Tuesday, March 21, 2006

In other Tuesday news

  • Looks like the merger of Fairmont Parks with the Recreation Department (see background here)is officially moving ahead, and the result may be a ballot measure to be put before voters in November.

  • Today's Inquirer is reporting that a minimum wage bill is set to pass the legislature in Harrisburg, which seems like great news, although it is tempered by the fact that the bill in question has been substantially modified from the one originally championed by state Rep. Cohen, Gov. Rendell, and others, and would result in only half of the desired increase. Time for soul-searching among advocates about whether half a cake is better than none.

  • Marc Stier is depressed by more shows of conservative pandering by Bob Casey, and muses on the difficult path that Democrats will have to wend between their choices in the primary and then the need to get behind whoever wins that race in order to unseat Santorum in the fall. It's hard to put in a lot of sweat without much enthusiasm...

  • Above Average Jane delivers on her promise to provide an interview with Paul Lang, candidate for the PA 6th Senatorial district. It's long and full of details about his district and its needs -- a great resource for those who live there and for others who might like to support a promising progressive candidate for state office.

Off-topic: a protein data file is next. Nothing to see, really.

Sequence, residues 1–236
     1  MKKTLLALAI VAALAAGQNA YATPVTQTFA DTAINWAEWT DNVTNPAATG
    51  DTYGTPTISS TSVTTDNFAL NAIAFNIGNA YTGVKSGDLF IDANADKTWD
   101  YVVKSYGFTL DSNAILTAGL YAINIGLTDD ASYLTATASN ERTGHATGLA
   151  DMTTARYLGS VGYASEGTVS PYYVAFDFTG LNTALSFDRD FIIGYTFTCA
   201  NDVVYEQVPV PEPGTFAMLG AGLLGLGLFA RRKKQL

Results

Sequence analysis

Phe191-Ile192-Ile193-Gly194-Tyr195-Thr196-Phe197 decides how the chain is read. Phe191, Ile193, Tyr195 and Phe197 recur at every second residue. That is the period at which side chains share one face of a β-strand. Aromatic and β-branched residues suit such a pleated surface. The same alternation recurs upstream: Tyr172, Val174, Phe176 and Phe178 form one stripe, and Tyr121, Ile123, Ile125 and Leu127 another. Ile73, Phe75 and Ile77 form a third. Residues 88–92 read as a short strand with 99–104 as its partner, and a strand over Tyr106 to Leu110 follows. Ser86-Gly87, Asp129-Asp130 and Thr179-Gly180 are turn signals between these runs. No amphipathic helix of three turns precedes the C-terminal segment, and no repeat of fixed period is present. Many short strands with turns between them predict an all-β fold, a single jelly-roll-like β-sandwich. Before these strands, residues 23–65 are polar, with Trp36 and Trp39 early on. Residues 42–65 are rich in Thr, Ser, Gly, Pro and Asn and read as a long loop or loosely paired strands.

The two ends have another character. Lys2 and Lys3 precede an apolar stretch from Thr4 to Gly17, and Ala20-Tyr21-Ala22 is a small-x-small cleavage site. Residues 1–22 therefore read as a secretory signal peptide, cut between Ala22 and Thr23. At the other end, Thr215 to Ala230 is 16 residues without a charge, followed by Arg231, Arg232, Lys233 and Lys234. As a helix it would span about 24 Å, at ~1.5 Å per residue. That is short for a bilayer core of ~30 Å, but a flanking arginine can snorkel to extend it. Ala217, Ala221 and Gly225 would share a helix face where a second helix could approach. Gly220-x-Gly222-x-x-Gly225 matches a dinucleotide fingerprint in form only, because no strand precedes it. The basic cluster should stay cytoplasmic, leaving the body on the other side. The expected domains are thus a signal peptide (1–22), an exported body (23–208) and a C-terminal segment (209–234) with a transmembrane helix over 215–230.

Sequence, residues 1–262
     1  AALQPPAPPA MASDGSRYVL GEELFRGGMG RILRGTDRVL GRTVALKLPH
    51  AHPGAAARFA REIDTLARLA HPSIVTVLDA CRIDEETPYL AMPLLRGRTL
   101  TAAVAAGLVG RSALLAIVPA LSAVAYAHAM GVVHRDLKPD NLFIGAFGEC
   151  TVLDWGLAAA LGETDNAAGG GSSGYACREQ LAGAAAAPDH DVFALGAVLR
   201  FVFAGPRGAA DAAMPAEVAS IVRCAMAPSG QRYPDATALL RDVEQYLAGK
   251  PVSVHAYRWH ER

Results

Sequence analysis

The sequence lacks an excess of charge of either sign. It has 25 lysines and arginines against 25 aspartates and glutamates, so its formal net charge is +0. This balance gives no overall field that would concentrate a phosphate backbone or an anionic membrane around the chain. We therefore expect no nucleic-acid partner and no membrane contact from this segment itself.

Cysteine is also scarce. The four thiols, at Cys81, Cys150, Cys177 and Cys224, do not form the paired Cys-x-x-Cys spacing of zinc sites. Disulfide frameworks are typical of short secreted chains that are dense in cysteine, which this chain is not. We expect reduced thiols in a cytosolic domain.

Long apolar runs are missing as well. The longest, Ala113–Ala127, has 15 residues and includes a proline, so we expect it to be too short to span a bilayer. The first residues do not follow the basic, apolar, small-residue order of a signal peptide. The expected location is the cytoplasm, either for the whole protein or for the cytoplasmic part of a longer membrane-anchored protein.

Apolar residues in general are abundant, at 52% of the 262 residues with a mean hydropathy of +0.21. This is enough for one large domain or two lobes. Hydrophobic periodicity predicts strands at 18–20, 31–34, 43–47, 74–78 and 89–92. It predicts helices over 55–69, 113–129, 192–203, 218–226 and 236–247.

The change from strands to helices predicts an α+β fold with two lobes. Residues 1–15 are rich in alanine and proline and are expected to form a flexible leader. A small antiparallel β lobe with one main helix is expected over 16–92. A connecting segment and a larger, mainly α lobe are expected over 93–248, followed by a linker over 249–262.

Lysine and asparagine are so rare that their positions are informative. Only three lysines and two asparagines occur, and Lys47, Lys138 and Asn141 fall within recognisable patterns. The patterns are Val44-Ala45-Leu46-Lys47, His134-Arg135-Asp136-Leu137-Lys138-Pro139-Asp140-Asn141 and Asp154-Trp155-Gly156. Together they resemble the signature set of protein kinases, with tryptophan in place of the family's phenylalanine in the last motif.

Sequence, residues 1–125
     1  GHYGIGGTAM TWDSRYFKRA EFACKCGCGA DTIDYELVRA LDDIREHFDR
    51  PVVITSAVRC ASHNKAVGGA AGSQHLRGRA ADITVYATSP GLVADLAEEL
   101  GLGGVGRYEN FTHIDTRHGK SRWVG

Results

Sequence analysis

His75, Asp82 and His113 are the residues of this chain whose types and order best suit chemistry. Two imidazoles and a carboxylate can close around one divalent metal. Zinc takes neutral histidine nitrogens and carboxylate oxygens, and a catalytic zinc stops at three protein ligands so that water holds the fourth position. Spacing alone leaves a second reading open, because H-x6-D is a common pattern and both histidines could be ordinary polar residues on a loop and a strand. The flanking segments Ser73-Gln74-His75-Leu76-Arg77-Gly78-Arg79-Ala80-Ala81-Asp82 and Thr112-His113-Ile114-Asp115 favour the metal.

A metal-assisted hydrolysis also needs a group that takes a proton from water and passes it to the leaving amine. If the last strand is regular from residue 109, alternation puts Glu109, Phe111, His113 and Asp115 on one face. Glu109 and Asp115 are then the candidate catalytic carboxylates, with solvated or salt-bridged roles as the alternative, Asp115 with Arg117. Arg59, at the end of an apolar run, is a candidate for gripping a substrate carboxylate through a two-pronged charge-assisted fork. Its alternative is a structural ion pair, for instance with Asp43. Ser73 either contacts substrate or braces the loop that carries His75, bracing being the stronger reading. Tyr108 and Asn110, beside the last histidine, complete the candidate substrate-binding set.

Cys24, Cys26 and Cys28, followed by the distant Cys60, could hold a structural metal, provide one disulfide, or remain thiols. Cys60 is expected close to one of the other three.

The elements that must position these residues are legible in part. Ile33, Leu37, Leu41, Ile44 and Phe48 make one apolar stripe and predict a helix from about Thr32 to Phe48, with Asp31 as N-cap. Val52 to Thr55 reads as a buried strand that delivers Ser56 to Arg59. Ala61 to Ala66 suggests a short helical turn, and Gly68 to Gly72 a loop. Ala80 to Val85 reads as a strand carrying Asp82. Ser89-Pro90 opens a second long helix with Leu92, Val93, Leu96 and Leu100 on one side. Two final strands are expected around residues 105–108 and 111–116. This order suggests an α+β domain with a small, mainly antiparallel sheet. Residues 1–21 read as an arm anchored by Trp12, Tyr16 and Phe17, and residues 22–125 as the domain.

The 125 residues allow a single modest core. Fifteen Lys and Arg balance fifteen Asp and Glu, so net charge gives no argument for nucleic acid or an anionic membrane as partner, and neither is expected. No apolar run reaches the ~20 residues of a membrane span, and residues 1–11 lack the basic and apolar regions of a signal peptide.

2 Comments:

Blogger Rep. Mark B. Cohen said...

A half a cake certainly is better than none, but the proponents of a higher minimum wage are going to continue to press for $7.15 plus a COLA. The $7.15 figure itself is certainly not pie in the sky: The state of Washington is already at $7.63, with a COLA coming up in January; the state of Oregon is already at $7.50, with a COLA coming up in January; Rhode Island will hit $7.40 next year; Connecticut is already at $7.40; Vermont is already at $7.25, with a COLA coming in January; Hawaii hits $7.25 in January; Alaska is already at $7.15; New Jersey hits $7.15 in Ocotober; New York and Michigan will hit $7.15 next year.

And the above list does not include California, faced with competing plans to hit $7.75 and one plan to hit $8.75;Massachusetts, where one plan to hit $7.75 is gaining real strength; and New Mexico, with competing plans to hit $7.50.

If the Republicans succeed in enacting a scaled down minimum wage increase, we will immediately be pressing for more. Our goal must be to get full-time low wage workers out of poverty, and the Republican plan falls far short of that.

Working with organized labor, we can give Pennsylvania labor standards that make a difference in people's lives.

6:22 PM  
Blogger ACM said...

wow, I had no idea that there were so many states with such civilized MW levels -- it feels bad enough that NY, DE, and NJ are all a dollar or more ahead of us already. keep up the good fight!

9:18 AM  

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